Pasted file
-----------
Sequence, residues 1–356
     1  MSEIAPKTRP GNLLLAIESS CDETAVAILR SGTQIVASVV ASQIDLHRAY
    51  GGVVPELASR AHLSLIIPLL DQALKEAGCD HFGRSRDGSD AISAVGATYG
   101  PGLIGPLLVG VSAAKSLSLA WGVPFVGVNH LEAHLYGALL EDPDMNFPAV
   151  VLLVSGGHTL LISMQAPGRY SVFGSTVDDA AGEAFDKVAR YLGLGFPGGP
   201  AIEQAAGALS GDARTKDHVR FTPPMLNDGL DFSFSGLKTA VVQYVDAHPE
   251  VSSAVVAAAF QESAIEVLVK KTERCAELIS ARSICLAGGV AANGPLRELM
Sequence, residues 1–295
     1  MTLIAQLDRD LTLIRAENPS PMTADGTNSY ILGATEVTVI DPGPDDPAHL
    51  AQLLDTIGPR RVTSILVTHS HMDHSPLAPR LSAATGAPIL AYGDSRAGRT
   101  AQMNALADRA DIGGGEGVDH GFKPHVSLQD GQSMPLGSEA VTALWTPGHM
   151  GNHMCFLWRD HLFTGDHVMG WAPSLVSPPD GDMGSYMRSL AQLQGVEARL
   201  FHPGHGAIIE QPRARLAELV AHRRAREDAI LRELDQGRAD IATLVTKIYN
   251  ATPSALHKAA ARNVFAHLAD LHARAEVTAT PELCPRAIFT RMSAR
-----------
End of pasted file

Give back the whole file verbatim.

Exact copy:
Sequence, residues 1–356
     1  MSEIAPKTRP GNLLLAIESS CDETAVAILR SGTQIVASVV ASQIDLHRAY
    51  GGVVPELASR AHLSLIIPLL DQALKEAGCD HFGRSRDGSD AISAVGATYG
   101  PGLIGPLLVG VSAAKSLSLA WGVPFVGVNH LEAHLYGALL EDPDMNFPAV
   151  VLLVSGGHTL LISMQAPGRY SVFGSTVDDA AGEAFDKVAR YLGLGFPGGP
   201  AIEQAAGALS GDARTKDHVR FTPPMLNDGL DFSFSGLKTA VVQYVDAHPE
   251  VSSAVVAAAF QESAIEVLVK KTERCAELIS ARSICLAGGV AANGPLRELM
Sequence, residues 1–295
     1  MTLIAQLDRD LTLIRAENPS PMTADGTNSY ILGATEVTVI DPGPDDPAHL
    51  AQLLDTIGPR RVTSILVTHS HMDHSPLAPR LSAATGAPIL AYGDSRAGRT
   101  AQMNALADRA DIGGGEGVDH GFKPHVSLQD GQSMPLGSEA VTALWTPGHM
   151  GNHMCFLWRD HLFTGDHVMG WAPSLVSPPD GDMGSYMRSL AQLQGVEARL
   201  FHPGHGAIIE QPRARLAELV AHRRAREDAI LRELDQGRAD IATLVTKIYN
   251  ATPSALHKAA ARNVFAHLAD LHARAEVTAT PELCPRAIFT RMSAR